But I do think that there’s a fundamental tendency to honesty in most people – most of us lie, but only for a reason, and we’re often extremely open. In fact it’s kind of alarming how free a lot of people are with often highly personal information. Facebook has been an eye-opening experience in that respect; I hear (haven’t confirmed though) that the owners are deep in the neocon junta governing the US, and people just keep giving away information that under the terms of use belongs to them forever and can be used however they like, and can therefore be datamined, sold etc.

    OK, not the most hopeful example, but I do think most people do still recognise and value honesty. Critical thinking… not always, not so much. But at least there’s still some hope for truth.

  3. Proud woman said,

    October 19, 2007 at 8:57 am

    okay slacker… where are ya doin’ ya blog… come on…

  4. October 24, 2007 at 10:48 am

    there’s all that guys, then there’s the weird and wonderful capacity of this arbitrary, flawed and yet nontheless shared languange to create incredible beauty and human recognition.

    In a Station of the Metro

    ‘The apparition of these faces in the crowd:
    Petals on a wet, black bough’

    (Ezra Pound)

    everone should analyse ‘content’ with as much rigour as they can muster, learn and refine. But oh- we are in the new age of the epistle, people are writing, and reading and posting.. could we just be at the dawn of a new enlightenment?
    we seek our truth in many places. I for one would never dare to seek it in the ‘news’…

  5. blogagogue said,

    October 25, 2007 at 3:53 am

    I completely agree… hence my love of IT/language. I guess for me and for most of us (especially in this context) the importance and benefits of communication go without saying. But it does disturb me that, in the same way powerful means of production can take an ecosystem and radically, even fatally, distort it, powerful means of communication have the power to completely mutate a culture (a noosystem?).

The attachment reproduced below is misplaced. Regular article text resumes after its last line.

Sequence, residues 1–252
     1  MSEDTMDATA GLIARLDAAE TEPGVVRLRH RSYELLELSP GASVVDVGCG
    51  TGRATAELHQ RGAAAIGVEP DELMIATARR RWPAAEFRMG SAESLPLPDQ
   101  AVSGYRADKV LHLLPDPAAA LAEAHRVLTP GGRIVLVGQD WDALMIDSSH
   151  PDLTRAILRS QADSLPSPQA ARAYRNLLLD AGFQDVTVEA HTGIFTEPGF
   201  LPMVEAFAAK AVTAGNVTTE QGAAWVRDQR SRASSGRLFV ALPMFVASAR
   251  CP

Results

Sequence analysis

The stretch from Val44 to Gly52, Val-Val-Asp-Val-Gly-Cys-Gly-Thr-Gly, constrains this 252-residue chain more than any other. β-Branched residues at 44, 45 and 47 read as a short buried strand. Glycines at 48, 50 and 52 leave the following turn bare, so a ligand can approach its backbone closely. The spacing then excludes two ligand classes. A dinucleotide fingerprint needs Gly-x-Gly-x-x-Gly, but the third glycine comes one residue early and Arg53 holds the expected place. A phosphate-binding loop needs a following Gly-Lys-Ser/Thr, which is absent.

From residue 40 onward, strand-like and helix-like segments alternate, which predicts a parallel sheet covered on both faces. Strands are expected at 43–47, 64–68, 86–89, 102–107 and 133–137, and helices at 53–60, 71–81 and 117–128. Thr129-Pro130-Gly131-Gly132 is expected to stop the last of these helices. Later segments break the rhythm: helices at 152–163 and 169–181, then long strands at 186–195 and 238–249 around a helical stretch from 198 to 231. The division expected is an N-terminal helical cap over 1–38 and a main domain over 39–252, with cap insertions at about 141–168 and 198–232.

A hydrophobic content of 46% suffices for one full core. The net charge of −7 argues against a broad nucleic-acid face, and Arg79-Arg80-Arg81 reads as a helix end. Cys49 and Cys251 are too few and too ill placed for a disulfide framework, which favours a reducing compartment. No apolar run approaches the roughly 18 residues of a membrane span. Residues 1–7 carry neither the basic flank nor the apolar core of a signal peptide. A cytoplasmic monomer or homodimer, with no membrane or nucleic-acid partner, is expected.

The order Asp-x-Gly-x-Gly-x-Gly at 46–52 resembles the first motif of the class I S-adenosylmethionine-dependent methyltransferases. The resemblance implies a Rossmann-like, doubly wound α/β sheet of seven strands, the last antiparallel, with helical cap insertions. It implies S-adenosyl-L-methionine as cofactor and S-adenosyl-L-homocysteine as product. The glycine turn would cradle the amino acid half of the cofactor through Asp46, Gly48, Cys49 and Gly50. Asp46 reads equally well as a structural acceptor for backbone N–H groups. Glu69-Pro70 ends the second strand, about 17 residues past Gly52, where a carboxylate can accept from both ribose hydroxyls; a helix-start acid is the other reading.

I also agree about the obligation to question and analyse. But I think that’s the lesser half of the equation. One lie can require analysis by hundreds of hearers; to me, the primary obligation is to tell the truth in the first place – and that means not only saying what you think, but thinking hard about what you say. I’m not naive enough to think that everyone’s truth will accord and we’ll all have our minds in psychic harmony, la la la la la, but the danger of lies and spin is not just in the directly resulting misinformed public decisions (or excused decisions by the powerful that are got away with), but also in the erosion of public trust and accountability – and therefore empowerment.

    In other words, lies are a big deal (at both personal and political levels) and shouldn’t be shrugged off the way they often currently are. They’re actually quasi-coercive: exercising unwarranted, unaccountable power over the decisions and actions of another.

    But yes. Hooray for beauty and fun. I wouldn’t want to be without what communication offers… hence my job… I just like to grapple with ALL that it offers.

  6. blogagogue said,

    October 25, 2007 at 3:53 am

    But thanks for pointing out that that wasn’t entirely coming across from that post!